Eight held after mobs hit foreign businesses in Zimbabwe

Monday, February 7, 2011

HARARE - Zimbabwean police said Monday eight people had been arrested in the wake of a rampage by backers of the Zanu-PF party in Harare, targeting foreign businesses.

In the latest violence attributed to activists of President Robert Mugabe’s party, a police official said an investigation was still going on into the rampage.

“We are still trying to see how much damage has been done. But we estimate the group was made up of about 700 people,” the official said.

The group had marched from Zanu-PF offices in the northern part of Harare’s central business district, chanting slogans praising Mugabe.

The approved march was in protest at the awarding of city parking lots management to a South African company by the city of Harare, police spokesman James Sabau said.

The marchers were carrying banners aimed against foreigners, including “No to foreigners controlling our economy” and “Foreigners, sanctions have destroyed our economy so we want to control our wealth”.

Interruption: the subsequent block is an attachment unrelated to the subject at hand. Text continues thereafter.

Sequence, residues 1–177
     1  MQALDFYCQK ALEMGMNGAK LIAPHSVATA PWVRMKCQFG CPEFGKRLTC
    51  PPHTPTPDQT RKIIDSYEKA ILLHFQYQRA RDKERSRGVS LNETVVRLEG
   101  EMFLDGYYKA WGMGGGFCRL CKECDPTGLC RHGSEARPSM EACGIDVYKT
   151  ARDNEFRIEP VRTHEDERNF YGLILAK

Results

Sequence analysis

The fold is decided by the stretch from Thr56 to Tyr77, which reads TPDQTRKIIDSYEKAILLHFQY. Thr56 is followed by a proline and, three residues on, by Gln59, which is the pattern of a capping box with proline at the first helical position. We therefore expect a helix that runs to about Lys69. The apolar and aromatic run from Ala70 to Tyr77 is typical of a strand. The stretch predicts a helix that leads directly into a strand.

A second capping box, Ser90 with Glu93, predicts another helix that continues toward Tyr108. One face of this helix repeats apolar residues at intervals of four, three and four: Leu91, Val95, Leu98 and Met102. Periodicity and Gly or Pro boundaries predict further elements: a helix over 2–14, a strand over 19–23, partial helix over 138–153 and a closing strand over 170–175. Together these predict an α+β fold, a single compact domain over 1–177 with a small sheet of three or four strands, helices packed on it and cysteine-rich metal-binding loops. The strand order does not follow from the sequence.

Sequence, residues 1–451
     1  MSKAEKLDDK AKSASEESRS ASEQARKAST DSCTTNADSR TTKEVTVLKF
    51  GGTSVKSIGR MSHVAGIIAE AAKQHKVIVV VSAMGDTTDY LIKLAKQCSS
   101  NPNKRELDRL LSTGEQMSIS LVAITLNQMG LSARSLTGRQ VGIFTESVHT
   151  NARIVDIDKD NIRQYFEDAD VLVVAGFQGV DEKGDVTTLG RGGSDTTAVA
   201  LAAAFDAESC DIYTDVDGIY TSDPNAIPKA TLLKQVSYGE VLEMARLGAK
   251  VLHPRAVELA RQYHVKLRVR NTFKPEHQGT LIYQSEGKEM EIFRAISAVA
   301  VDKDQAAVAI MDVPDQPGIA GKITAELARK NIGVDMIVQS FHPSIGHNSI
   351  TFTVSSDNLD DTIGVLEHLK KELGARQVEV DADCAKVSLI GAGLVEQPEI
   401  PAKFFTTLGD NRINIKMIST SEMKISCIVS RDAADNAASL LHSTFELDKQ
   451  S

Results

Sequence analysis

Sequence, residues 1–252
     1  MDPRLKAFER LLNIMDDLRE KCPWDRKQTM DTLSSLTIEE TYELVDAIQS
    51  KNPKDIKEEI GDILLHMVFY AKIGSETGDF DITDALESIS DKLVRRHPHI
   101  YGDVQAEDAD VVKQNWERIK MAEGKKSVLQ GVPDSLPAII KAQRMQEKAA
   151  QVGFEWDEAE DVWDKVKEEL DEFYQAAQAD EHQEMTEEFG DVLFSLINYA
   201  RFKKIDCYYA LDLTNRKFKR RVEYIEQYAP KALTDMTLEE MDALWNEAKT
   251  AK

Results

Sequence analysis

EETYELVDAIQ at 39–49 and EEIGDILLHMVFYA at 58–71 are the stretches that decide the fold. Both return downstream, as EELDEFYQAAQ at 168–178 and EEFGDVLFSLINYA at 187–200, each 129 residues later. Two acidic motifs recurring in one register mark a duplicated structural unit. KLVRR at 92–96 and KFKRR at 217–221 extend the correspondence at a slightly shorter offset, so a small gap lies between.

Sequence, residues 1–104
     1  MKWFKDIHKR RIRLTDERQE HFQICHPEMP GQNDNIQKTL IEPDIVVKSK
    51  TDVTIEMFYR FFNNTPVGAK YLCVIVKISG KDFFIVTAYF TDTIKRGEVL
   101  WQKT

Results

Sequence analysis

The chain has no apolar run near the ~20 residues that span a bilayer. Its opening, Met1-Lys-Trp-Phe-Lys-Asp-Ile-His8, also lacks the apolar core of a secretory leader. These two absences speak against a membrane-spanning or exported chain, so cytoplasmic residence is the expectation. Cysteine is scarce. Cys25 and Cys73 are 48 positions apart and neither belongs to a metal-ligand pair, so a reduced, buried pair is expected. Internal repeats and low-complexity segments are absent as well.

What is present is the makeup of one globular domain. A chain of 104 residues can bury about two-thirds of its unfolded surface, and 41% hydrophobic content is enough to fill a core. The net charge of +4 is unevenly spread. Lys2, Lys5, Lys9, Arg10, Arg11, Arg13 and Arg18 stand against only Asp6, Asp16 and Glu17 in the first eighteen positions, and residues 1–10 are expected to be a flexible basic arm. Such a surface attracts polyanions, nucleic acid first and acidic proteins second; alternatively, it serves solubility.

Most of the demonstrators were in their 20s and 30s, wearing Zanu T-shirts. Business came to a standstill and the marchers stopped a number of cars along the way and demanded that passersby join them.

When the marchers got to the Gulf Complex largely run by foreigners, the marchers began looting and beating up those who resisted.

One victim was a Nigerian businessman who sells laptops and electronic equipment.

“They said I must leave their country yet I have been here for more than eight years,” said the man, sobbing and declining to give his identity. “I was even importing stuff from South Africa when their economy was on its knees.”

The attacks on the foreigners has stirred fears of an escalation of violence as Zimbabwe gears up for elections later this year.

Mugabe is pushing for elections while his coalition partner and political rival, Prime Minister Morgan Tsvangirai, is against any new elections before a new constitution is written.

“We have had a gross increase in violence, particularly from Jan 1,” said Tendai Biti, secretary general of Tsvangirai’s Movement for Democratic Change.

“The violence is state-sponsored, state-led and inflicted. Of concern is the failure by the police to stop the violence,” Biti said.

Filed under: Politics

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